Will Dean – The Last Thing To Burn
Published by Hodder & Stoughton, hardback £12.99. I bought this book new.
I enjoyed Dark Pines, the first in the Tuva Moodyson series by Will Dean, but somehow the Twin Pines-esque feel doesn’t click with me the way it has for so many others and I haven’t rushed to keep up with the series – though you should give it a go if you haven’t, it’s definitely worth a read (there’s a reason Dean went from the slush pile to being probably one of Sweden’s biggest exports despite the fact he’s a Brit). But this title sounded very different, and I got curious enough to buy a copy.
It’s his first standalone novel, though he said on a panel at Granite Noir in February that he’d first had the idea several years ago, and spoke of how the image of a woman and the isolated house came to him out of the blue. Dean is a very visual storyteller, putting strong, clear pictures in your mind – whether you want them there or not.
In a farmhouse in the Fens is a woman who lives in a world of pain that she can never leave. Her husband calls her Jane, but that is not her name; she is Vietnamese, with parents and a sister whom she longs to return to. Instead, she cooks and cleans and exists, while he works, in a piece of the UK so flat a pedestrian can be seen from a mile away and more, and recaptured in minutes. And when she’s in the house, she is watched by CCTV cameras, the tapes of which he checks every night. Lenn has a stolid exterior, and sometimes you wonder if he realises what he is doing is cruel or if he’s just utterly insensitive; other times you wonder how and where he learned such awful behaviour. He’s more complex than he first seems, he’s not evil plain and simple, which only makes everything harder.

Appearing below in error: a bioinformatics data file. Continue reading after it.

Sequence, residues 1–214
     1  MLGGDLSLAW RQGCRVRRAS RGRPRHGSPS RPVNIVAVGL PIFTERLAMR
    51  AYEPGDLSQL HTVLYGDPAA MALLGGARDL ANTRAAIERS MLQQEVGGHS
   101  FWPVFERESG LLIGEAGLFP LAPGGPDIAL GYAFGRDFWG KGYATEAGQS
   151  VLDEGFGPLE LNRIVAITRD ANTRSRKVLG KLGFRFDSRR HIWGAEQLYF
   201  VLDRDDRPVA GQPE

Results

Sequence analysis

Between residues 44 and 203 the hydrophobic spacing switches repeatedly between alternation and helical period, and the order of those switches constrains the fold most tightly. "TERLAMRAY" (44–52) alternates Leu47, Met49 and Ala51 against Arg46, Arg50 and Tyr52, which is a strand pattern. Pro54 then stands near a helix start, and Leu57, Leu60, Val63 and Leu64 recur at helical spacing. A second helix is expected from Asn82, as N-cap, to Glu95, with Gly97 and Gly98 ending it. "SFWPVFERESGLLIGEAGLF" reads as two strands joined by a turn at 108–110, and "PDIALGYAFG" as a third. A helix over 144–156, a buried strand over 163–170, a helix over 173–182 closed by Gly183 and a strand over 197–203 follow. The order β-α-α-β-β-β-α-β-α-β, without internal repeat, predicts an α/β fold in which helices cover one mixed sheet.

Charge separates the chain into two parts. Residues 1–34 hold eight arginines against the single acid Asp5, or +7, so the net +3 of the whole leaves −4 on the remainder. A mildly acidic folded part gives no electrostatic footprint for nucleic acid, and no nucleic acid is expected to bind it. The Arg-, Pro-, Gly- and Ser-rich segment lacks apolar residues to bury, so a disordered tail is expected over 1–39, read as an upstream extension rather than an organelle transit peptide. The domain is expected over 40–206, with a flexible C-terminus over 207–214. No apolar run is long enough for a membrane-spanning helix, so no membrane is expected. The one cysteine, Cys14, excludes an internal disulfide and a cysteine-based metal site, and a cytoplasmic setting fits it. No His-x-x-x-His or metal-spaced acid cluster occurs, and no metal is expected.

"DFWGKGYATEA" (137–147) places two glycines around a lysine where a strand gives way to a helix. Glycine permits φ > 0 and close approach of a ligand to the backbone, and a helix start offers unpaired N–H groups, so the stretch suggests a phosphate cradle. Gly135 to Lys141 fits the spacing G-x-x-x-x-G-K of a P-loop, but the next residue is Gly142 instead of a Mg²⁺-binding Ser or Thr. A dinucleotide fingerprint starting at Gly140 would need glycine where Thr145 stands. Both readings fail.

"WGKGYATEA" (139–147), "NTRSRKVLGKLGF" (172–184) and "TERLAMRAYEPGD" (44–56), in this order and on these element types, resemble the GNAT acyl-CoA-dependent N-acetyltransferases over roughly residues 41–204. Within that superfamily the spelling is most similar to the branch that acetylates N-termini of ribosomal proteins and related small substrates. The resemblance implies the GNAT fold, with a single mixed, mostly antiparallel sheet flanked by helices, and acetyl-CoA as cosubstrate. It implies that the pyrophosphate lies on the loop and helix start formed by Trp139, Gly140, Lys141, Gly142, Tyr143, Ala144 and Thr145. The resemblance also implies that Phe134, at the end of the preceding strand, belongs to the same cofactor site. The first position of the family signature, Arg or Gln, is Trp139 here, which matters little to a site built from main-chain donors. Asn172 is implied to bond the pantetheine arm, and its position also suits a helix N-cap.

Nine years ago, Jane (actually, Thanh Dao) and her sister were smuggled into the UK in a shipping container from Saigon. When she arrived at the farm, she had 17 possessions. This morning, she owned four things. But after trying to escape she must give up one of them; one thing must be burned in the stove as punishment for her disobedience. What will happen when she has no more things left to burn?
Jane gets through the days of degradation and drudgery, and her pain from the ankle that Lenn smashed after a previous escape attempt, by thinking of her sister, and how by surviving life in the Fens she is paying off the men who brought them to the UK, so her sister – who is in Manchester, according to her letters – can have a better life. What would we do for family? How far would we go to help our family, what pain and suffering would we endure? We don’t know what strength we have until we are tested. Jane’s resilience here seems endless, though she has a pragmatic streak that clashes with her selflessness, making her more real, and more interesting.